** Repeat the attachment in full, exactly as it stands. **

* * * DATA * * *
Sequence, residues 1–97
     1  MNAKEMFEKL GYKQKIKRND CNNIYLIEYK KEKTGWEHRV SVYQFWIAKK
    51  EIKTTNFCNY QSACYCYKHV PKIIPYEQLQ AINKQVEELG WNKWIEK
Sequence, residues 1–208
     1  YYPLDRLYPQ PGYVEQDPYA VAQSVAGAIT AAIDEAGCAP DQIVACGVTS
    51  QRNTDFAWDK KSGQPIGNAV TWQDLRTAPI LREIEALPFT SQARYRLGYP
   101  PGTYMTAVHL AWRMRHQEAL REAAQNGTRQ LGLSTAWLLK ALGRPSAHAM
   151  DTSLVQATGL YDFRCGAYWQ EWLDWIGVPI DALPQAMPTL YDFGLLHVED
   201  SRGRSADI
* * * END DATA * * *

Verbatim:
Sequence, residues 1–97
     1  MNAKEMFEKL GYKQKIKRND CNNIYLIEYK KEKTGWEHRV SVYQFWIAKK
    51  EIKTTNFCNY QSACYCYKHV PKIIPYEQLQ AINKQVEELG WNKWIEK
Sequence, residues 1–208
     1  YYPLDRLYPQ PGYVEQDPYA VAQSVAGAIT AAIDEAGCAP DQIVACGVTS
    51  QRNTDFAWDK KSGQPIGNAV TWQDLRTAPI LREIEALPFT SQARYRLGYP
   101  PGTYMTAVHL AWRMRHQEAL REAAQNGTRQ LGLSTAWLLK ALGRPSAHAM
   151  DTSLVQATGL YDFRCGAYWQ EWLDWIGVPI DALPQAMPTL YDFGLLHVED
   201  SRGRSADI